With the Brooklyn Nets in free-fall to open the season, coaches and players alike have been scrambling for answers to their woes. But other than in garbage time, one player hasn’t gotten his shot: second-year forward and 28-year-old Mirza Teletovic.
Teletovic was a major acquisition for Brooklyn in the 2012 offseason, as the team secured one of Europe’s best scorers and long-range shooters for three years using the mini mid-level exception. The Bosnian bomber was expected to back up Kris Humphries as a stretch 4, forcing bigger defenders to leave the paint and contest his shots. But Teletovic struggled in his first season with the adjustment to NBA basketball, racking up 23 DNP-CD’s (did not play-coach’s decision), missing shots and schemes alike. “There’s a lot of different words that you wouldn’t understand basketball-wise, but now you pick it up because you know it from last year,” Teletovic told The Brooklyn Game.
Even with the reduced time, Teletovic finds his second year easier than his first. He’s more accustomed to the hustle of New York City than his first season. “New York kind of expects for me to live fast because everything’s going very fast, there’s a lot of traffic, but you get used to it,” Teletovic says of the transition. “[Bosnia] is kind of slow, easy, You can do anything anytime you want. But here, you have to be on time, like, every time.”
But Teletovic hasn’t needed to be on time as much lately. As the team deals with injuries to major rotation players, Teletovic has struggled to see the floor. He’s racked up five DNP-CD’s in 12 games, playing only sparse time (68 minutes) in his seven games, nearly all in the second half or garbage time. Against the Portland Trail Blazers, Teletovic was the only active Nets player to sit the entire game.
Even his games with significant playing time came with caveats; Teletovic played 15 minutes against the Minnesota Timberwolves in garbage time long after the game was decided, and played 14 minutes against the Detroit Pistons Tuesday as coach Jason Kidd benched his starters to send them a message.
Excluding Andray Blatche (who should be nicknamed The Waveform), Teletovic may be the team’s most up-and-down player. If SportVU records how many shots a player takes per second of touching the ball, Teletovic must be at or near the top; nearly half of his shots came as a spot-up shooter according to Synergy Sports, and the Nets are similarly content to use Teletovic as a screener in pick-and-pop situations. But when Teletovic isn’t hitting shots, his value plummets, and when he misses, he misses badly. In his two seasons, he’s attempted more shots (215) than he’s scored points (211).
The inconsistent time on the floor is tough for Teletovic, who led Euroleague in scoring prior to joining the Nets in 2012, and would have led Eurobasket in scoring this offseason had he played enough games to qualify. “If you don’t play and then you go back into the game again, you’re totally out of rhythm and totally out of control,” Teletovic said. “You can practice as much as you want, but it’s not game shape. Game shape is game shape, you know? When you play, you get in game shape. I try, when I get in the first couple of minutes, just to play defense, get some rebounds just to feel the ball and then after that I try to do something.”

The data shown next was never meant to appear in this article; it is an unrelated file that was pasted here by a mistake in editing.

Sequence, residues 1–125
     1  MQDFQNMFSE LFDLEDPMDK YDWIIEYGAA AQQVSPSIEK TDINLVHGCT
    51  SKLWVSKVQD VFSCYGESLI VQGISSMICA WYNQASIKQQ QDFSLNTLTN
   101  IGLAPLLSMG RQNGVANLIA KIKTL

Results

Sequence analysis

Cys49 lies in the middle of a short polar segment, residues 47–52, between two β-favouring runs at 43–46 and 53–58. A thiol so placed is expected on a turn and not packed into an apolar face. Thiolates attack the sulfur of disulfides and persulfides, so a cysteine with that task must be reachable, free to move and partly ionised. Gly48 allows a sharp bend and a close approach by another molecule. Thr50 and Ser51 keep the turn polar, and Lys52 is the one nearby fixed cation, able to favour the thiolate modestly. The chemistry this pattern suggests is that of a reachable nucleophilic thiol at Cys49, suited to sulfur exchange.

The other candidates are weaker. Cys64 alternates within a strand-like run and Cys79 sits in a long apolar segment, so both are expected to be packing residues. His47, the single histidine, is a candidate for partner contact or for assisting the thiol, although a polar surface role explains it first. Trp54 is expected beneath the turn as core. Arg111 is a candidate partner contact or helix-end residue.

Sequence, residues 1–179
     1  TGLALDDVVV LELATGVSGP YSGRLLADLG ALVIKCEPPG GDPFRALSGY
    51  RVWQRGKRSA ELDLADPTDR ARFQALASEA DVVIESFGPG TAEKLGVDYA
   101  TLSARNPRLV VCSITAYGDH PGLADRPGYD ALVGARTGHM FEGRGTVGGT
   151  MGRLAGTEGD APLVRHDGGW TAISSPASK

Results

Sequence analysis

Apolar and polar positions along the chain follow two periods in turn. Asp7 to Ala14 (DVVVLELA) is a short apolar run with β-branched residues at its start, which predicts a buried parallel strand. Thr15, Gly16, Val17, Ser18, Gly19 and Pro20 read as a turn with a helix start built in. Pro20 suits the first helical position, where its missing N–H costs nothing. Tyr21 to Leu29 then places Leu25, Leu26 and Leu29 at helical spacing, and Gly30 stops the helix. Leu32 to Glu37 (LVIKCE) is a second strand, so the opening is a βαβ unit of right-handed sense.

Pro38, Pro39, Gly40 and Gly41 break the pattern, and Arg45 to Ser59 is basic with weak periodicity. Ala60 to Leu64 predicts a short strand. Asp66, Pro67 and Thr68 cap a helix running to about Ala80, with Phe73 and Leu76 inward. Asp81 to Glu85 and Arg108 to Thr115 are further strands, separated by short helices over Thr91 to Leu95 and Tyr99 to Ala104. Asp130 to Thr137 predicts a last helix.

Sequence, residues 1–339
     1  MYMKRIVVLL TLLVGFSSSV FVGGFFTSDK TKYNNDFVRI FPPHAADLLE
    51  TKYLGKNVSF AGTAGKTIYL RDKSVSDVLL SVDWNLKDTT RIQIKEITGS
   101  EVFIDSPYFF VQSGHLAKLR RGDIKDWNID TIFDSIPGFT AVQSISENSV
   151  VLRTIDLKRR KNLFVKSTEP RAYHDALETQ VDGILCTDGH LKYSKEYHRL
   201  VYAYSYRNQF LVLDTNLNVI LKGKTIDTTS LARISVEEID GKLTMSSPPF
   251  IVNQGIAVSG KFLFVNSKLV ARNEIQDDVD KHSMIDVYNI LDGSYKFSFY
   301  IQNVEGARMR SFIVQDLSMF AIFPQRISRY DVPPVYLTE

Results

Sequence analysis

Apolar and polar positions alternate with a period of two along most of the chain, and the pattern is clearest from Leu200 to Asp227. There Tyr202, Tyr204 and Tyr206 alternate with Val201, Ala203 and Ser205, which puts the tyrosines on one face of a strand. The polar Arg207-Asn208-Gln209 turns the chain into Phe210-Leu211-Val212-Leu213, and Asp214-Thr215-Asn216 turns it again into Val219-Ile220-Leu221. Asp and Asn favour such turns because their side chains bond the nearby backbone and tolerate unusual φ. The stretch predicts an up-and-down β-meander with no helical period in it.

“I’m always positive and always try to stay positive,” Teletovic continued. “I always cheer for guys. I try to get a positive thing out of it, but sometimes it’s just tough that I can’t help. In certain moments, I feel like I can help. It also depends … are you in game shape or not? How fast can you react? Because we need it right there, right there in the moment. You have to come out, let’s say, the third, fourth quarter and you’ve been sitting already for hours, and you have to get in the game and right away react. Sometimes it’s tough. Sometimes you feel good and you make shots and you change the whole game.”He brings up preseason, when he got more playing time. In a preseason game against the Philadelphia 76ers, Teletovic hit five three-pointers and scored a team-high 21 points en route to a 127-97 blowout victory. “In preseason I was doing very good, I was doing a lot more things; attack the basket, drive the ball, get more rebounds, stuff like that,” Teletovic recalls. “It’s definitely a question: if you get more minutes, you get more comfortable.”
It’s a cyclical paradox: to get more playing time, Teletovic needs to play better. But for Teletovic to play better, he needs more playing time.
I asked Teletovic if, two seasons in, he thinks he has a role on this team. “I don’t know,” he admits. “I just hope for the best, man. Just when I get in, I kind of have a role, it’s to space the floor, but it’s tough, you know? Right now, for the time that I’ve played, it just takes time to develop your role and to know what you need to do.”
The Nets are scrambling to find a solution after their early mess. Injuries have kept Brook Lopez, Deron Williams, Andrei Kirilenko, and Jason Terry out for significant time. Only four players played in all of the team’s first 13 games. But Teletovic, the team’s second-highest paid player, is third-to-last on the team in minutes played, ahead of the injured Andrei Kirilenko and the LeBron-of-The-D-League Tornike Shengelia.
When talking about taking a look at his backups with his stars out, Kidd was non-committal. “The luxury of injuries is you get to look at everybody,” Kidd said at Monday’s practice. “So that’s how we’re approaching it.”
If Teletovic can’t get a chance now in Brooklyn, it’s hard to imagine when he might.